Thursday, August 25, 2011

Pray for them

The Anchoress (via NRO) has up a rant about first responders and clergy being excluded from the commemoration of the tenth anniversary of the September 11 attacks. It speaks for itself and I have nothing to add to that aspect of it.

I was, however, taken aback by this statement from one of the articles she links:

During the 2001 "Prayer for America" service at Yankee Stadium, leaders from the major religions—Roman Catholics, Jews, Muslims, Hindus, Protestants, Sikhs, Greek Orthodox—addressed the crowd of thousands and an even larger TV audience from a podium atop second base.

"I brought every major religion to this event in Yankee Stadium," said Mr. Washington, who is considering holding a news conference on Sept. 11 to object to the exclusion of clergy.

"I'm very upset about it," he said. "This is crazy."

It seems to me that if Mr. Washington is upset because he believes people would benefit from prayer on this sad and solemn occasion then the appropriate thing to hold would be not a news conference, but a prayer service. Or lots of prayer services at lots of houses of worship, perhaps at the same time as the official ceremony and including sincere, loving prayers for all those who were touched by this disaster. I think it would be a particularly nice touch if the first responders were warmly invited to these services.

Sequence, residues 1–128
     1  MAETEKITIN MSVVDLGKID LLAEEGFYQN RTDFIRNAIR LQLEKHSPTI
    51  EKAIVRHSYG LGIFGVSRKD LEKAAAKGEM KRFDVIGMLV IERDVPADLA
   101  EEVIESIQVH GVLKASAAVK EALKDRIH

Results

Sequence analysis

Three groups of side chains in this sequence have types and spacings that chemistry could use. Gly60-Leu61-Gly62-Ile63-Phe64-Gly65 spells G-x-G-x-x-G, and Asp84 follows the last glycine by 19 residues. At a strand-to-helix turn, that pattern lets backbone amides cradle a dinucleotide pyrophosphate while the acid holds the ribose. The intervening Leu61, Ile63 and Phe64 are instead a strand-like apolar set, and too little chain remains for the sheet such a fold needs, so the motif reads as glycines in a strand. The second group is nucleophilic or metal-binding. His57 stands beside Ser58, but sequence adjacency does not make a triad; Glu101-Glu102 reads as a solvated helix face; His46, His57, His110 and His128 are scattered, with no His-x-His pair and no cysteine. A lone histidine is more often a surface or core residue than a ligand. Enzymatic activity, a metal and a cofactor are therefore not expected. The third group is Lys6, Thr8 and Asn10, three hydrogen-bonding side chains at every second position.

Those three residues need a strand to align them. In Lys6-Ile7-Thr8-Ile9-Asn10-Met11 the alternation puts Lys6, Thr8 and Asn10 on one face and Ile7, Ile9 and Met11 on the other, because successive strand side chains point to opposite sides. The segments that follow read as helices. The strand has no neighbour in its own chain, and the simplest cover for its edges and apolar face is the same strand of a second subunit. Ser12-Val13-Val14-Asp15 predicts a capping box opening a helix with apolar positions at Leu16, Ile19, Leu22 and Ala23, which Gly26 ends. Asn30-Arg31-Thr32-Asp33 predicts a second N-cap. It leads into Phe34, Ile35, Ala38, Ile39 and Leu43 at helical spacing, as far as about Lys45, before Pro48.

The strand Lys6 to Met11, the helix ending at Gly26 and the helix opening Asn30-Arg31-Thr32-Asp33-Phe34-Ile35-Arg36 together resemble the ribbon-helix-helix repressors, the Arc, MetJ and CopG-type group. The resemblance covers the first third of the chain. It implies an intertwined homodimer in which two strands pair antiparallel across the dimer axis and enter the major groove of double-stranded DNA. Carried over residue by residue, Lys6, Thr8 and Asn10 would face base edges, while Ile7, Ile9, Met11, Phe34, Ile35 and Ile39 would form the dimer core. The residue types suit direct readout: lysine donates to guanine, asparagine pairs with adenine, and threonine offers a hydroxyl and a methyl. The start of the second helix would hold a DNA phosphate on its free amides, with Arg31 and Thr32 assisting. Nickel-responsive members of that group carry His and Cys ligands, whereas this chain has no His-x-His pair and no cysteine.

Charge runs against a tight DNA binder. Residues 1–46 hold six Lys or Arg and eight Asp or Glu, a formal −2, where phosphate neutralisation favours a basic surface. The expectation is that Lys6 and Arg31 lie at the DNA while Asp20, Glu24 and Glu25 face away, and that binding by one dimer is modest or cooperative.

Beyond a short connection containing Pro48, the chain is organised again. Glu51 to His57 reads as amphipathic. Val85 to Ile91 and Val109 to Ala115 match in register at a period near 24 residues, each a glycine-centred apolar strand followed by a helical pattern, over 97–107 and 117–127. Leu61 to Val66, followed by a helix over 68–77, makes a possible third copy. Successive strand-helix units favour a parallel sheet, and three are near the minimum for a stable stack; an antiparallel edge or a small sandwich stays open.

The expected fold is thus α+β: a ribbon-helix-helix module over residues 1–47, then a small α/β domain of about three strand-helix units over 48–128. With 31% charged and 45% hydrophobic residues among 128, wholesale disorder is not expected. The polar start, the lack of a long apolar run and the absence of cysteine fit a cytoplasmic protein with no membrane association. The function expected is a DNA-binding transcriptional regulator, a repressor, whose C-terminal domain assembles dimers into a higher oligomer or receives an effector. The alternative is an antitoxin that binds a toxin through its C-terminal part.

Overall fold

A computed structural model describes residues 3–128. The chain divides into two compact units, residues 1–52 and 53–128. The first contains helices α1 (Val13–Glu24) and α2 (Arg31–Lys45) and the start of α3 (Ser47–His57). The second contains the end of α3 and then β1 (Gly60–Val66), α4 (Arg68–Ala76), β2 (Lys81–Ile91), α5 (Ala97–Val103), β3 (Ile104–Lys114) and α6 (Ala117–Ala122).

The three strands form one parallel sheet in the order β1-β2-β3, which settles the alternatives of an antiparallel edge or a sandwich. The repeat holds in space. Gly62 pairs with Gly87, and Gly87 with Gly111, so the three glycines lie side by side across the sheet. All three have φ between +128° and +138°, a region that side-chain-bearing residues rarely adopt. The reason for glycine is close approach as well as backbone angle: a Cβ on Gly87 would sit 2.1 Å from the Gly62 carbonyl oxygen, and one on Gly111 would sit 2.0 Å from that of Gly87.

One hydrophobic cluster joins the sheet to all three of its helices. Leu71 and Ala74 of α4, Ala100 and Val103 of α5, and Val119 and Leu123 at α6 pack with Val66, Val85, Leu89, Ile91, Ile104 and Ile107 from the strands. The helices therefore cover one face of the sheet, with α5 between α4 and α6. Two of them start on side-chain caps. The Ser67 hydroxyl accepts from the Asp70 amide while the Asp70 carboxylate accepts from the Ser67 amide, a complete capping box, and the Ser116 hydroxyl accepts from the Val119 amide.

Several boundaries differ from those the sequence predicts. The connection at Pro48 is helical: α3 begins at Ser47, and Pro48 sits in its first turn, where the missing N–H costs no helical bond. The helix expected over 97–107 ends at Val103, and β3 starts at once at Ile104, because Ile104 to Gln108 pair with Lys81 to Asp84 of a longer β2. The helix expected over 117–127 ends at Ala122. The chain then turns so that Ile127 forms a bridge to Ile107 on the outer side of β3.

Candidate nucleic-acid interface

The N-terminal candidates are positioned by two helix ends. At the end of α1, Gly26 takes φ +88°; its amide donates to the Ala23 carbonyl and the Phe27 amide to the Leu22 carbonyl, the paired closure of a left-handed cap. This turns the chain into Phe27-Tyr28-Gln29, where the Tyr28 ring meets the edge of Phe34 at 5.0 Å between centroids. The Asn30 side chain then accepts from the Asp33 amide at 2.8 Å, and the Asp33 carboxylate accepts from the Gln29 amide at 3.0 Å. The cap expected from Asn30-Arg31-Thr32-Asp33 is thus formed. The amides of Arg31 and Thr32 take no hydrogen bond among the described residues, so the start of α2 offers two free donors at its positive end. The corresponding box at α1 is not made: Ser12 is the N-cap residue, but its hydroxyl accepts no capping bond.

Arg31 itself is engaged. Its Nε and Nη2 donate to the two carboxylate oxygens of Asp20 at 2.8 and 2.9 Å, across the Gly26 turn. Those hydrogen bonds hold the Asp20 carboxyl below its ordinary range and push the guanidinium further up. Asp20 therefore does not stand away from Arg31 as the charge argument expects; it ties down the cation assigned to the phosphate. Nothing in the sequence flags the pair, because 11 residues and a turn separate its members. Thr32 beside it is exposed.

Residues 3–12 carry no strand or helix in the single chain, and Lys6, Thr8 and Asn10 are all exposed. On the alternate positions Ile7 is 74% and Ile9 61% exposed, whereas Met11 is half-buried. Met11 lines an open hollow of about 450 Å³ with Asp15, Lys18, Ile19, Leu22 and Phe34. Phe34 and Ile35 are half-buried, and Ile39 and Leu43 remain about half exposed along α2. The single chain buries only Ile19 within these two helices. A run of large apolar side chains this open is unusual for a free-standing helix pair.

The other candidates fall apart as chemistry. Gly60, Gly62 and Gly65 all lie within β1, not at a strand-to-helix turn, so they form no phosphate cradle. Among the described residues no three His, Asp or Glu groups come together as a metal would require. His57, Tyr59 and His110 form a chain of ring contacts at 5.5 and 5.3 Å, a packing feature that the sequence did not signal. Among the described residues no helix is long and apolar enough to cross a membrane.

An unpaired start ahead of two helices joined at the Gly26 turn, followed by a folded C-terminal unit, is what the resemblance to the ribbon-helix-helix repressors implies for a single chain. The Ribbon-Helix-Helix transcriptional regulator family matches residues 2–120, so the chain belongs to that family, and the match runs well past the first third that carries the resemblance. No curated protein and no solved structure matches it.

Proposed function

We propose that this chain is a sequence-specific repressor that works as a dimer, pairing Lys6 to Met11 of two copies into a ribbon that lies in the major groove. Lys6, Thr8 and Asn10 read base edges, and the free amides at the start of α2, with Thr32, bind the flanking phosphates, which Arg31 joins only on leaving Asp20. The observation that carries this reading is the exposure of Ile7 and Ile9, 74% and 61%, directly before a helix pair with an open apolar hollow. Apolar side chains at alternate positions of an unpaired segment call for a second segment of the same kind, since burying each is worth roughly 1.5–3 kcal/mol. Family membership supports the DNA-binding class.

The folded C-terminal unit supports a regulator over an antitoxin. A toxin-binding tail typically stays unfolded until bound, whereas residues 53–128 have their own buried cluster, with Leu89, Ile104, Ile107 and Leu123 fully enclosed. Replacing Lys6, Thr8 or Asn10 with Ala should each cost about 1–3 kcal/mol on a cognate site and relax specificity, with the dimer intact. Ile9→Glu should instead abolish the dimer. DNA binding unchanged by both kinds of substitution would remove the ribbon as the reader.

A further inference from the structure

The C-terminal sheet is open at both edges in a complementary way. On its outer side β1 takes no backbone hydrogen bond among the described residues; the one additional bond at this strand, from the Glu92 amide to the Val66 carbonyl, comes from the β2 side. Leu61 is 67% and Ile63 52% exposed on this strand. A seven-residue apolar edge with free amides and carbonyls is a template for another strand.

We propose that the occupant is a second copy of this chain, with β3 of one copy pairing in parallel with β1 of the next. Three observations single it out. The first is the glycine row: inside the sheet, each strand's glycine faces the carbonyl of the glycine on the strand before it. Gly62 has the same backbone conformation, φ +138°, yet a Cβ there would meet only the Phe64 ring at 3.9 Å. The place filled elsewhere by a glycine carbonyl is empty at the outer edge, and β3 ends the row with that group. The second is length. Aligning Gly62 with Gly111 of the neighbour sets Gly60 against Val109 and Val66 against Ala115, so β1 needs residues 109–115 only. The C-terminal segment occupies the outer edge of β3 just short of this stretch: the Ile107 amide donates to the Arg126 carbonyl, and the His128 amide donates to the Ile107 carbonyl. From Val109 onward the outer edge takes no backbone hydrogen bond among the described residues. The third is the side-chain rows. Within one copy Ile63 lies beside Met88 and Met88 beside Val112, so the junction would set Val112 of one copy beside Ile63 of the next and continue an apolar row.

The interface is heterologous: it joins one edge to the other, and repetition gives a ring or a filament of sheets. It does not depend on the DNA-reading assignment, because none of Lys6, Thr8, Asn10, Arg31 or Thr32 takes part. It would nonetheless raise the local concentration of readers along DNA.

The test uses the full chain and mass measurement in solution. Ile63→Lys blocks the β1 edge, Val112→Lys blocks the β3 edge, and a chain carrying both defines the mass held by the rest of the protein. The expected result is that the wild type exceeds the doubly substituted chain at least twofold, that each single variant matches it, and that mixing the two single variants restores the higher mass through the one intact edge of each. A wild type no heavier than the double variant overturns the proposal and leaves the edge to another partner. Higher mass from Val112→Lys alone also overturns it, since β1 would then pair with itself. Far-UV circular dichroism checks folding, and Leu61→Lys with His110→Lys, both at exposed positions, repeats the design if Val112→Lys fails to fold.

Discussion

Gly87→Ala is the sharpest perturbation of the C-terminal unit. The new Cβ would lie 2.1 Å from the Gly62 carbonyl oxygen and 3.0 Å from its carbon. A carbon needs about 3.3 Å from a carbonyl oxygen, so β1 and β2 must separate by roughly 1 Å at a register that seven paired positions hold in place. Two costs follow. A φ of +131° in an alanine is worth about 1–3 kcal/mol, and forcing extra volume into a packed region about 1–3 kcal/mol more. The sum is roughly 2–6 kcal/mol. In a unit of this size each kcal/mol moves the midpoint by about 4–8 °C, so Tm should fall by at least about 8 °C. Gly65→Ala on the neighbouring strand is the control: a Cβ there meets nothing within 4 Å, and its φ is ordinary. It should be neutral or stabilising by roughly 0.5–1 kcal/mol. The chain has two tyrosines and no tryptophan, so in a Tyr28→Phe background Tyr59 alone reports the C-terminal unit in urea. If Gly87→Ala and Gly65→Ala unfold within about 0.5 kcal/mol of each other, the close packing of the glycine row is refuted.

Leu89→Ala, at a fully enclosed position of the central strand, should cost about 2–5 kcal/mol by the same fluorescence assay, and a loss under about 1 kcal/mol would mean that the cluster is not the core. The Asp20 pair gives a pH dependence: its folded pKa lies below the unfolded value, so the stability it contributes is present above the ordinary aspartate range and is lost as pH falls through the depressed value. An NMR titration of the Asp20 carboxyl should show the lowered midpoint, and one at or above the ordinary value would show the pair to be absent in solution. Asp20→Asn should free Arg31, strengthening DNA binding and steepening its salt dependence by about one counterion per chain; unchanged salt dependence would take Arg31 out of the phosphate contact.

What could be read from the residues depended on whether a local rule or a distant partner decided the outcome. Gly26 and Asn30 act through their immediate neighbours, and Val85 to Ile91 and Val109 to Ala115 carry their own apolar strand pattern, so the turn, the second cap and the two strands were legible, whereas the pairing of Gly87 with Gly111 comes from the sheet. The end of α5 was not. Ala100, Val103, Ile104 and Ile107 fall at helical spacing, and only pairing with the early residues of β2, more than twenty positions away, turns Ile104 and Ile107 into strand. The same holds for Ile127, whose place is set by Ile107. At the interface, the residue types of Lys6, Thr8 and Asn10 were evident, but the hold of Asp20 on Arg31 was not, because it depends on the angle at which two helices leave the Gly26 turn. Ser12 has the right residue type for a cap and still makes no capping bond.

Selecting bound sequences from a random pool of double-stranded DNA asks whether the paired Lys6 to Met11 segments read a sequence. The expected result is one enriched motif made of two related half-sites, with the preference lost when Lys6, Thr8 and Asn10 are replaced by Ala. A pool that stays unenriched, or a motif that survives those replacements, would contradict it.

There are two verses I remember from Sunday School that cover this situation pretty thoroughly:

But I say unto you, That ye resist not evil: but whosoever shall smite thee on thy right cheek, turn to him the other also.

And Jesus answering said unto them, Render to Caesar the things that are Caesar's, and to God the things that are God's.

It seems worth nothing that the latter verse ends:

And they marvelled at him.

Sunday, August 21, 2011

Use fire to fight fire

I gather there are some concerns, particularly among conservatives, about the implementation of sharia law* in the United States. I don’t know how reasonable those concerns are, although as a woman I tend to feel that any possibility of such a thing happening should be viewed with great alarm.

There is, however, a simple way to make sure sharia law is not implemented in this country: pass the Equal Rights Amendment. Not all sharia law has to do with the role of women but a fair amount of it does. the Equal Rights Amendment would insure that the aspects of sharia law that enshrine different rights for men and women could never be implemented. Losing the "sweetener" of being able to treat women like second-class citizens should make the prospect of sharia law much less enticing to many who might otherwise be willing to condone it.


*I do not have a nice, clean summary of sharia law to offer as a link. The Wikipedia entries on sharia law and on women in Islam read - as one commenter put it - like a pro-Islam “tourist brochure”.

Reduce, reuse, recycle

If I were the “bipartisan, bicameral committee on deficit reduction”, I would simply have my staff retype the Simpson-Bowles plan on committee letterhead. It would save a lot of time and a lot of money and produce an outcome at least as good as anything the committee will come up with in the next three months.